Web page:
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At last, a hi-tech superyacht that can fly

  • The "Flying Yacht" is the brainchild of Yelken Octuri, an interior cabin designer for Airbus
  • The design aims to push the boundaries of aviation design with fanciful and outlandish ideas
  • Although only a design at present, Octuri has received interest from aircraft engineers
  • Along with other futuristic concepts Octuri exhibited his designs at Paris' Air and Space Museum

London, England (CNN) -- Need to get your superyacht from the crystal-blue waters of the Caribbean to the glamorous Mediterranean in a hurry? Not a problem when your luxury vessel transforms into a sleek jetplane at the click of a button.

That's exactly what Yelken Octuri's "Flying Yacht" design would do if built. Octuri, a French cabin designer for Airbus, has combined his knowledge of aircraft design with his love of the seas to create the outlandish concept yacht.

Although currently rooted in the realm of science fiction, the "superyacht with wings" has garnered much attention, with Octuri's designs recently exhibited at Paris' Air and Space Museum.

It's just one of a number of futuristic concepts by the designer, who aims to push the boundaries of aviation design.

My approach when I started was not really to make something feasible. The main idea was to generate innovative concepts
--Yelken Octuri, designer of the "Flying Yacht" concept.
  • Yachting
  • Sailing
  • Technology
  • Graphic Design
  • Airbus SAS

He told CNN: "My approach when I started was not really to make something feasible. The main idea was to generate innovative concepts.

"For me it was just a fantasy project. Most of the futuristic aircraft concepts out there are all the same. I wanted to avoid that and create something original -- to inspire new ideas."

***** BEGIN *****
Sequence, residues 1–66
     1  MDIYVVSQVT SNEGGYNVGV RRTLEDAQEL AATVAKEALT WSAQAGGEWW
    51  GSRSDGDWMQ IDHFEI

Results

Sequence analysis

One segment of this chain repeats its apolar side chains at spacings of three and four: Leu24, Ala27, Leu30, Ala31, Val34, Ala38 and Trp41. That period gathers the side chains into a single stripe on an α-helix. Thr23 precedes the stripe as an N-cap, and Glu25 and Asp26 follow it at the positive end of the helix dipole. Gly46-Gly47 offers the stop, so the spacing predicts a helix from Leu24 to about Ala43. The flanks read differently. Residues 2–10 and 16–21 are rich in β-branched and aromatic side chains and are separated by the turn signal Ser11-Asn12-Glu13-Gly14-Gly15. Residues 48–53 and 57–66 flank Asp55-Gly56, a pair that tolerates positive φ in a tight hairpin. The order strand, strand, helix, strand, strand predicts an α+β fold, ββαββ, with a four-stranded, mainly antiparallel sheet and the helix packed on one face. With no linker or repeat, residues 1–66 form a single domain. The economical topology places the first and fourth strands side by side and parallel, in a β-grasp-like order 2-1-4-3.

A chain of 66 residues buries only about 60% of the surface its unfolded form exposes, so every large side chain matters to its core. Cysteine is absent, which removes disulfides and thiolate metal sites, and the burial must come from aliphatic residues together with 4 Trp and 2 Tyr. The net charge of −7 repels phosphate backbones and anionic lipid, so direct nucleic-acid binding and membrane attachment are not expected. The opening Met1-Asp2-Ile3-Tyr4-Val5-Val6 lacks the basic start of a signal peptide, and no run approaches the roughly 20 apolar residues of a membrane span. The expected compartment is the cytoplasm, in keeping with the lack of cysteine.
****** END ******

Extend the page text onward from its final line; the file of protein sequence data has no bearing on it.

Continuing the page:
But Octuri's ideas might not be as far-fetched as they seem: A number of engineers and aircraft designers have approached Ocuri to talk about realizing his concept.

"The feedback I've been getting tells me, with more thinking, this project could be made. Of course it is a very specialist market. Maybe some parts will need to be reworked to consider the aerodynamics and structure, etcetera, but it could work," he told CNN.

According to Octuri, the 46-meter "Flying Yacht" transforms from superyacht to glamorous jetplane thanks to its mobile masts.

When on the water the four masts, each reaching a height of 40-meters, can be individually oriented through a double-jack system -- ensuring optimal positioning regardless of wind direction.

When it's time to take off, the masts are lowered to become horizontal wings. Sails are stored in compartments located inside each mast -- a design feature Ocuri took from existing superyacht "The Maltese Falcon."

On board, the vessel doesn't skimp on luxury. There are two main decks -- the lower deck houses the main room, kitchen and toilet, while the upper deck contains three plush bedrooms and a luxurious bathroom.


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